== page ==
BRIDGEWATER, March 26, 2004 ( – Another US hospital has fought, – and lost – a battle to kill a vulnerable patient. Massachusetts General Hospital went to court to attempt, despite the presence of a legal health proxy and clearly stated wishes to the contrary, to have Barbara Howe starved and dehydrated to death on the grounds that “she was suffering.” Increasingly, hospital ethics committees are finding reasons to end the life of patients against their own or their family’s wishes.

Barbara Howe suffers from advanced Lou Gehrig’s Disease. She has been on a ventilator since 1999 and her daughter, Carol, is her legal protector. In April 2001, Carol received a letter from Barbara’s primary care physician, J. Andrew Billings, that said, “After three weeks I will discontinue all measures that keep your mother alive without contributing to her comfort.”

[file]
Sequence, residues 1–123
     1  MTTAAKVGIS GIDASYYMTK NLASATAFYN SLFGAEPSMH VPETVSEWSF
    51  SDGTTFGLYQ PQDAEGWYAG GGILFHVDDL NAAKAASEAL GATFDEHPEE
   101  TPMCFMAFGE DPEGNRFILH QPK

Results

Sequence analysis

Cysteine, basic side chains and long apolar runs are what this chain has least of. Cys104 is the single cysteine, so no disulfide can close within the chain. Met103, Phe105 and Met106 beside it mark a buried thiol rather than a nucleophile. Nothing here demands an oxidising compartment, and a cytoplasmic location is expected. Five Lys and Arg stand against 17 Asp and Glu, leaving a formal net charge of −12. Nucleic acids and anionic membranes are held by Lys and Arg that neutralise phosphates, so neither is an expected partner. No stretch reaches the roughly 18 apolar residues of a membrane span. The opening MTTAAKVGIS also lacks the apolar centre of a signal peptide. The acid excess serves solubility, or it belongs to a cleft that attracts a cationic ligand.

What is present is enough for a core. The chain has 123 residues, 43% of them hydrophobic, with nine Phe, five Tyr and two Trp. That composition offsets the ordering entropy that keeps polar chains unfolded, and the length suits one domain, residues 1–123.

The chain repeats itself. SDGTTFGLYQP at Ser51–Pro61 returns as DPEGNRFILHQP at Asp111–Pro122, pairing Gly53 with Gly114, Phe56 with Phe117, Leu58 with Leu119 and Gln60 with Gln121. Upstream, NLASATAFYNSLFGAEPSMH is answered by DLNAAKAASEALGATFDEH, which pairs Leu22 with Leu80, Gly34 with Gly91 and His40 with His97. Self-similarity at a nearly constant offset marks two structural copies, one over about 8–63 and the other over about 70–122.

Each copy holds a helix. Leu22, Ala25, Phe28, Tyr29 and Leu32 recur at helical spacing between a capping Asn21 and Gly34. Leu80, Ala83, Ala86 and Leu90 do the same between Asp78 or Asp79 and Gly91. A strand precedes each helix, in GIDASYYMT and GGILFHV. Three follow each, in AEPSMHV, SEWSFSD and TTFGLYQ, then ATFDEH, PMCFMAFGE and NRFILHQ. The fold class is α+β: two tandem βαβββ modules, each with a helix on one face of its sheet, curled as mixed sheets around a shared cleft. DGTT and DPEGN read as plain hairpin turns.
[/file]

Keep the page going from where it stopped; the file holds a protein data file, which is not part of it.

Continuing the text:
Fortunately, Barbara had many conversations with her daughter where she unambiguously stated that she did not want to be euthanized. “She told me she wanted all aggressive treatment done unless she became brain dead or semi-comatose. And I’m talking for her today, feeling, what she would say if she could sit up in the bed, she would say, ‘Continue until God takes me. I don’t want Dr. Billings taking my life, I want God taking my life,’” said Carol. Barbara is unable to speak but is not comatose and Carol reports that she appreciates her family’s visits.  Ominously, the hospital’s chief medical officer has not apologized for the attempt to euthanize an unwilling patient. In a statement, Dr. Britain Nicholson merely said that the hospital would continue to provide for Barbara’s care but would not “artificially prolong her life beyond what it should be.” In many places, such as the Netherlands, where euthanasia is openly practiced, a doctor, not the patient, is allowed to decide how long a person’s life “should be.” coverage: coverage of Pope’s statement:


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